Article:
The Space Review

Articles, essays, and commentary about all facets of space exploration

Latest articles

Where will Artemis 3 land? And when?

Last week, NASA officials appeared to suggest they were considering alternatives to the south pole of the Moon as the Artemis 3 landing site. Jeff Foust reports that while the agency now says that was a misunderstanding, it's still facing a challenge to keep the mission funded and on schedule.

Why the detection of phosphine in the clouds of Venus is a big deal

Last week, scientists announced they had detected phosphine in the atmosphere of Venus, a finding that could be evidence of life there. Paul Byrne explains why the discovery can be a catalyst for a new round of exploration of the planet.

Venus: science and politics

Even the discovery of a potential biosignature in the atmosphere of Venus cannot escape geopolitics. Ajey Lele discusses a claim made after the discovery by the head of Roscosmos that Venus is a "Russian planet."

Review: Orphans in Space

Lost among the major documentaries and blockbuster films are many small films about space that might easily be lost. Glen Swanson explore a two-DVD set that assembled an obscure set of short films, from early computer-generated imagery to in-house company footage.

Review: The Last Stargazers

Astronomy has changed dramatically over the last century, from astronomers peering into eyepieces in cold observatory domes to managing observations from the comfort of their homes. Jeff Foust reviews a book that examines those changes, and what might be lost among those advances.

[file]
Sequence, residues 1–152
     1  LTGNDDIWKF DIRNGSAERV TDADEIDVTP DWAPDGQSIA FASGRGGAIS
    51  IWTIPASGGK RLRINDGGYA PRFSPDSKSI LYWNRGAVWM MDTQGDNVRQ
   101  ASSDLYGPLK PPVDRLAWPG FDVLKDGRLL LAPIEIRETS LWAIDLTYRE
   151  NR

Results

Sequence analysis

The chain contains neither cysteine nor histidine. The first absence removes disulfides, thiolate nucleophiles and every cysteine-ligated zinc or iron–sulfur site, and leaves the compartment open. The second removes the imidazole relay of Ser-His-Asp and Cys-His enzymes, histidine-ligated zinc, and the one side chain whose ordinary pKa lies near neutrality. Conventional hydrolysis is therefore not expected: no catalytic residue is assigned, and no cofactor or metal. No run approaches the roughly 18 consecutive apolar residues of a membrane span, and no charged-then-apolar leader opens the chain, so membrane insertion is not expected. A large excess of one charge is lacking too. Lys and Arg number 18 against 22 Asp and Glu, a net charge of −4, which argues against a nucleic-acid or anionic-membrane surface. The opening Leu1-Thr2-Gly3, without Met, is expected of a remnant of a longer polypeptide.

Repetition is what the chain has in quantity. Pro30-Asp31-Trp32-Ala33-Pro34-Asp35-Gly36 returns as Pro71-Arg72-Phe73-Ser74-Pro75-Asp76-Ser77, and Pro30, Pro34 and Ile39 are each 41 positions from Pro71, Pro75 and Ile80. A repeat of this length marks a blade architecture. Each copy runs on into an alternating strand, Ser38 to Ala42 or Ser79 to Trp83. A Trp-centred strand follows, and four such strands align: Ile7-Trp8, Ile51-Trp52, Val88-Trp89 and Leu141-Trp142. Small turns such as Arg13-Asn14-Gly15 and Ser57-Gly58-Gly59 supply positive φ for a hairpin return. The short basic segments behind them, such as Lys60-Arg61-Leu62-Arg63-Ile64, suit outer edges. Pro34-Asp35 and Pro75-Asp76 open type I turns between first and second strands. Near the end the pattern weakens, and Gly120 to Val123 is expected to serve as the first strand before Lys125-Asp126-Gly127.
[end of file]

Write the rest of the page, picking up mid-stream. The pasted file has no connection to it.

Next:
Moon and Mars advocates find peace

For decades, space advocates have battled over whether humans should first return to the Moon or instead go directly to Mars. Jeff Foust reports there's growing agreement on a Moon-to-Mars strategy, if it can maintain political support.

Launch failures: fill 'er up?

Just as a car can run out of gas, some launch failures can be traced to running out of propellant before reaching orbit. Wayne Eleazer discusses why that can happen for some vehicles, or why, in other cases, failures can be traced to having too much fuel.

Star children: can humans be fruitful and multiply off-planet?

Human reproduction is one of the key issues for a long-term human presence beyond Earth, but is also a topic space agencies have been reticent to study. Fred Nadis examines what research has been done, including an unusual recent private initiative.

The West needs bold, sustainable, and inclusive space programs and visions, or else

China is developing a comprehensive vision for human exploration of the Moon and utilization of its resources. Giulio Prisco argues it's time for the US and its international partners to develop their own bold, inclusive vision of space or risk losing the future.

Review: Space Dogs

Laika is famous for being the first dog in space, but died not long after reaching orbit. Jeff Foust reviews a film that attempts to tell the story of Soviet flights of dogs mixed with contemporary scenes of strays like Laika.

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